Wednesday, August 10, 2011


Not An Oxymoron

Paul Tripp writes of "The Grace of Confession" and I automatically wondered how many people would think such a thing really was oxymoronic. How could the pain of facing our own shortcomings possibly be gracefuly? Says Tripp:
I often wonder how many people are stuck in their relationships in a cycle of repeating the same things over and over again. They repeat the same misunderstandings. They rehearse and re-rehearse the same arguments. They repeat the same wrongs. Again and again things are not resolved. Night after night they end the day with nothing reconciled; they awake with memories of another bad moment with a friend, spouse, neighbor, co-worker or family member and they march toward the next time when the cycle will be repeated.


Here is the point: no change takes place in a relationship that does not begin with confession. The problem for many of us is we look at confession as a burden, when it is actually a grace.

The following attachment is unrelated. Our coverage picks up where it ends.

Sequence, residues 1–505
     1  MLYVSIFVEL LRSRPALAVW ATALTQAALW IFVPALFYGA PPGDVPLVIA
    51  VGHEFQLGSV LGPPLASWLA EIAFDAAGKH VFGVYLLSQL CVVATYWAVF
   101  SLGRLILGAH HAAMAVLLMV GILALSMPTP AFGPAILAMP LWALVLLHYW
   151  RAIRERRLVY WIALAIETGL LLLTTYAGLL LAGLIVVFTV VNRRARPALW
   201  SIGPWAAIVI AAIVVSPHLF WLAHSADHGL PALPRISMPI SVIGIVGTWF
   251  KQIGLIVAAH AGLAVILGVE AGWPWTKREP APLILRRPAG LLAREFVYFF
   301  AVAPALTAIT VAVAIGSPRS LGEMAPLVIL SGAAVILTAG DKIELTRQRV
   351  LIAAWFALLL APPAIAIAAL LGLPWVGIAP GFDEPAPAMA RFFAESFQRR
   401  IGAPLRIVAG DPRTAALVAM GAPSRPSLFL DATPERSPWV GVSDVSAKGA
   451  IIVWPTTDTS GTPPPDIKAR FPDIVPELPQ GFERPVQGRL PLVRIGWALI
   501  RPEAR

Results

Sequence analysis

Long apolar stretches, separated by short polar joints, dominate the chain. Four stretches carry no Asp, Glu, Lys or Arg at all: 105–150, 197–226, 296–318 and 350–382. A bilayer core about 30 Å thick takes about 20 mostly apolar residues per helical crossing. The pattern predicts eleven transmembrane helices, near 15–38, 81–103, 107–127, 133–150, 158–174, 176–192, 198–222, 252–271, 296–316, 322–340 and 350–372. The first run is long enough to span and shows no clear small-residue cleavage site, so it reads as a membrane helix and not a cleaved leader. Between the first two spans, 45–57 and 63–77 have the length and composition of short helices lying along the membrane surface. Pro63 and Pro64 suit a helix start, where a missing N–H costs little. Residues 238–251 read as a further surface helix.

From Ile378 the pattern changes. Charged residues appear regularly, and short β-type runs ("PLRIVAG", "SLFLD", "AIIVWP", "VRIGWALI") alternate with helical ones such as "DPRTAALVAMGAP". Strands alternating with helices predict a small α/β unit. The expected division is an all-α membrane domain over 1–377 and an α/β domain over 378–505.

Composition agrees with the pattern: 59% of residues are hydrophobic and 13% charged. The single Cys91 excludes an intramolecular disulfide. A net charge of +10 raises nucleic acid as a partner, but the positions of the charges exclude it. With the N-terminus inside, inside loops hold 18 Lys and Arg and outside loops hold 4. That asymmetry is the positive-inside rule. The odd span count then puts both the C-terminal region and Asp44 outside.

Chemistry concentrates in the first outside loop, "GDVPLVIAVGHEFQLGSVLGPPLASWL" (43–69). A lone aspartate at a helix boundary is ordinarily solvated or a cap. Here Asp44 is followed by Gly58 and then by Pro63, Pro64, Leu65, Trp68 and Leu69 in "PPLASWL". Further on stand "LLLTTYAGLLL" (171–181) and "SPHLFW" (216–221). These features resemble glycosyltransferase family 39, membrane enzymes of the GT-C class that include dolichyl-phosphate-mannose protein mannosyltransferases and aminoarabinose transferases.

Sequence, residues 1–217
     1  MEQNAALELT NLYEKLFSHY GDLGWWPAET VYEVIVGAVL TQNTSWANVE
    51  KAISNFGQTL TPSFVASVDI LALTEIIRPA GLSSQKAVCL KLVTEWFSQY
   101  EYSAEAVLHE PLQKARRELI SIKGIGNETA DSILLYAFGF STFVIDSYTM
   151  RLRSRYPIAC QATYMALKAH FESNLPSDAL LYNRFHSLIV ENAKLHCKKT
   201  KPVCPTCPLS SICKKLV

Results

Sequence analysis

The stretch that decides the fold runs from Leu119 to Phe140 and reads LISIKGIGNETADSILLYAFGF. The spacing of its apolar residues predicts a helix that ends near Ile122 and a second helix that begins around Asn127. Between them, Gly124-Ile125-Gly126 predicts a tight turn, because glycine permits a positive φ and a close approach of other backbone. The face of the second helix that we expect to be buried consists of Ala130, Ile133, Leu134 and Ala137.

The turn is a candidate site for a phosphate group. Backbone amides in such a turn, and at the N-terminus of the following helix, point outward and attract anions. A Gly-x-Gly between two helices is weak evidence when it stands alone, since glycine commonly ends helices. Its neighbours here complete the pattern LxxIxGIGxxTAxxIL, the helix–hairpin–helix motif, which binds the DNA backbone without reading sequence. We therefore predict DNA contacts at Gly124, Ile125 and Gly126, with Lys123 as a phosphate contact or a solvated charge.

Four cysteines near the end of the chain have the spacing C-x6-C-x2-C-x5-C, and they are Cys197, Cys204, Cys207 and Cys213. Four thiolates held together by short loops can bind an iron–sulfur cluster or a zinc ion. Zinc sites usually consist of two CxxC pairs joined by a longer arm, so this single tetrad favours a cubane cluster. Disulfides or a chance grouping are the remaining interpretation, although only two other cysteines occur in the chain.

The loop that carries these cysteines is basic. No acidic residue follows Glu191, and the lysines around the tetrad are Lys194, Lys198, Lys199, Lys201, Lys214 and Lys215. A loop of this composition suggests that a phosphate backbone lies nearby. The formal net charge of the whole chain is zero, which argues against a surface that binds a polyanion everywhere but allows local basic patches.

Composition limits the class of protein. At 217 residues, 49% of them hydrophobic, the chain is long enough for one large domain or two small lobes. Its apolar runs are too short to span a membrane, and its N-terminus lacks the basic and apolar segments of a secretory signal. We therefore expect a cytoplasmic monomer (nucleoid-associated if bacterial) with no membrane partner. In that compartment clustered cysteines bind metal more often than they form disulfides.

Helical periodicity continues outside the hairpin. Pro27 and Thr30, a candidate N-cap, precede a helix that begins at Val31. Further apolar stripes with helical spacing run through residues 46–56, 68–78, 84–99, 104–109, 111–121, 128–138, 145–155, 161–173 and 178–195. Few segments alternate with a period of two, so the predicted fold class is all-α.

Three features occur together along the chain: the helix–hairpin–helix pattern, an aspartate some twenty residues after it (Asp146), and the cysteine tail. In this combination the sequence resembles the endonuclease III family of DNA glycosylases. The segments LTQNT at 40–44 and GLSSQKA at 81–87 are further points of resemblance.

He has hit on the real key here. Confession is the beginning of transformation. Is it any wonder then that we talk of it so little these days. People want to come to church; people want to "worship" (they want to sing cool songs and have fun anyway); but the last thing they want to do is change. Change, after all is hard.

This is not news - this is 12 step stuff.

But what's more, this draws a clear line between cheap and real grace.

It's easy to say I love you - it's hard to change you life for them.

If you are a doctor, would you rather help someone cope with their symptoms or cure them of their illness? The church seems to have settled for the former when we are the only place where the later is possible.

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